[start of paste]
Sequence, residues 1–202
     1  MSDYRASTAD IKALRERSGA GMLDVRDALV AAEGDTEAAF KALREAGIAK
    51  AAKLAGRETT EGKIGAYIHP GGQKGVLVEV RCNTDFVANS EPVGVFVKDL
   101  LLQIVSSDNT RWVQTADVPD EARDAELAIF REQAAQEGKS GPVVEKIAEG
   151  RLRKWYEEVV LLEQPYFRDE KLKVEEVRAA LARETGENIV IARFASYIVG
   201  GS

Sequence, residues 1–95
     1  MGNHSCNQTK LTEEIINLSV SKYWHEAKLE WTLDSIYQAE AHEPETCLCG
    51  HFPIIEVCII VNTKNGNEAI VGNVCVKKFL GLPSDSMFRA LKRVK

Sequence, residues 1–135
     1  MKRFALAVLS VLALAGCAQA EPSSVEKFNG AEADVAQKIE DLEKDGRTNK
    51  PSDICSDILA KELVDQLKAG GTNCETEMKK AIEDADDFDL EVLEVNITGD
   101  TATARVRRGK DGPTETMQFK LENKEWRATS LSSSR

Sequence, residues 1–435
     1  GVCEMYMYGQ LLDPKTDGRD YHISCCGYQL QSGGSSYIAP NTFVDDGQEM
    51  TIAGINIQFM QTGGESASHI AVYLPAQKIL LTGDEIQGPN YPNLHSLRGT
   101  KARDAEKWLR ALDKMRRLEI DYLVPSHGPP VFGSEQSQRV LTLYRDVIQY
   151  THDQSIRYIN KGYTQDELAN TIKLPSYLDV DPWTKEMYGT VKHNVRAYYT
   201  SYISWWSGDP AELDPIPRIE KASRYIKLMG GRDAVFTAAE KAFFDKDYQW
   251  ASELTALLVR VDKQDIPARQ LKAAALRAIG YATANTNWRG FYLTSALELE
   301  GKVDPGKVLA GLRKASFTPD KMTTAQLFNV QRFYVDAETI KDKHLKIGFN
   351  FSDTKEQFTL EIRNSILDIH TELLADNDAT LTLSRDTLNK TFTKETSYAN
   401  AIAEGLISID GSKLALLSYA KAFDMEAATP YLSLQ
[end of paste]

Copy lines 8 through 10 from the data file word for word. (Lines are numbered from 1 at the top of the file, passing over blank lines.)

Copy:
     1  MGNHSCNQTK LTEEIINLSV SKYWHEAKLE WTLDSIYQAE AHEPETCLCG
    51  HFPIIEVCII VNTKNGNEAI VGNVCVKKFL GLPSDSMFRA LKRVK

Sequence, residues 1–135